Paging Michael Crichton: World’s Oldest and Cutest Dino Embryo Found

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A scale model of baby sauropod in its egg is displayed during the "Tiniest Giants: Discovering Dinosaur Eggs" exhibit at Chicagos Field Museum

Tim Boyle/Getty Images

It’s been a banner week for oldest things!

We’ve all seen fossilized dinosaur skeletons in museums. Now a team of Canadian scientists have gone one further: they found skeletons in some remarkably well-preserved dinosaur embryos, that they say at 190 million years old are the oldest yet discovered.

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The embryos belong to the four-legged dino Massospondylus, a Jurassic-era prosauropod. At the risk of igniting a weird dino-pro-life debate, NewsFeed will point out that the embryos are so well-preserved that they show the full skeleton of a baby Massospondylus, and it is adorable. The embryonic skeletons showed a dino that at birth was only eight inches long, with a short neck and an enormous head. (Adult Massospondylus was grew to about 16 feet, with a longer neck and a relatively small head.)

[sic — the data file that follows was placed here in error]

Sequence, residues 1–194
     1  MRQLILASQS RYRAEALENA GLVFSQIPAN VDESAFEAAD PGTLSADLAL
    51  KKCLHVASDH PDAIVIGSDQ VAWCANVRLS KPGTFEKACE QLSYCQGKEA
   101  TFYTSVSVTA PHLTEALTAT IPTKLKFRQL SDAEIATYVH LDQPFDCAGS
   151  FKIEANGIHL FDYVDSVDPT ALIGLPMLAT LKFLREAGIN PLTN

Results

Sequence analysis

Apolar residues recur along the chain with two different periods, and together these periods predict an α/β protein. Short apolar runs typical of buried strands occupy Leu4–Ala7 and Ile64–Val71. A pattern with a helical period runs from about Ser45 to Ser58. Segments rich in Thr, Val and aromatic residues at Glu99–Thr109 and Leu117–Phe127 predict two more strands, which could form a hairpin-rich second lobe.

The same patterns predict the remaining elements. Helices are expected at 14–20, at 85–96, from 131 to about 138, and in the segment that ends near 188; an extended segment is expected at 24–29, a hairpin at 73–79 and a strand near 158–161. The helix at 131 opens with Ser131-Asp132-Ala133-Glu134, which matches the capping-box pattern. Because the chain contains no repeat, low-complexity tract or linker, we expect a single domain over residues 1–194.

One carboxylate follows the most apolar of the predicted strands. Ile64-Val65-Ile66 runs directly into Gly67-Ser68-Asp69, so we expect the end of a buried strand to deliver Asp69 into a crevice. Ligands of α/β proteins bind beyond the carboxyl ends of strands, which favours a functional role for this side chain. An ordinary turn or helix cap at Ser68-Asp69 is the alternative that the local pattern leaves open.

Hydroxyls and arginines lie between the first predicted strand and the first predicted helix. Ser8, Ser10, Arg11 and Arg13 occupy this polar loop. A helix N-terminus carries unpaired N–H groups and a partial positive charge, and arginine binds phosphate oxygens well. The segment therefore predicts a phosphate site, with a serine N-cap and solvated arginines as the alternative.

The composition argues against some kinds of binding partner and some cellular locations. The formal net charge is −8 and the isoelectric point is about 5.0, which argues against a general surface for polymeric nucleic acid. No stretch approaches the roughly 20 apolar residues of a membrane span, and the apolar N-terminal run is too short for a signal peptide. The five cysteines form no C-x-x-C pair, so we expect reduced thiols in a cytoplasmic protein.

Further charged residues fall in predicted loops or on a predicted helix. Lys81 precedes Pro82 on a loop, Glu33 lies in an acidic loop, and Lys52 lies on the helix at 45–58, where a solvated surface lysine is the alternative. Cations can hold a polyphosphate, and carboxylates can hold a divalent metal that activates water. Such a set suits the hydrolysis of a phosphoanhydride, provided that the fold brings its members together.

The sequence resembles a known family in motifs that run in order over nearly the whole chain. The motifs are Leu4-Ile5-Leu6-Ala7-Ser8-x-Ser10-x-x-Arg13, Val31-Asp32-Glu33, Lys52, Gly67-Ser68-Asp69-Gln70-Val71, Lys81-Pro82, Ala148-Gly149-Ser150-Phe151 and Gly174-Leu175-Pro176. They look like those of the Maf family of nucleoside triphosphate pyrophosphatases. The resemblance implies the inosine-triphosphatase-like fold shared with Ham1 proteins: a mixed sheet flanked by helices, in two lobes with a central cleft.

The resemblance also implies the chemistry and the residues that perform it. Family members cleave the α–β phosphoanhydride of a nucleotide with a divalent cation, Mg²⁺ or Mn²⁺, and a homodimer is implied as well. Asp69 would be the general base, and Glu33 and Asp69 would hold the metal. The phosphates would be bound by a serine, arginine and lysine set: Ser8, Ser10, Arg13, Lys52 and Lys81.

The fossils were found in South Africa and analyzed by a team of researchers from the University of Toronto Mississauga. There are no reports yet on how the embryos might be used to obtain dinosaur DNA which can then produce fully grown dinosaurs that could live in a theme park in the Caribbean. (via Discovery)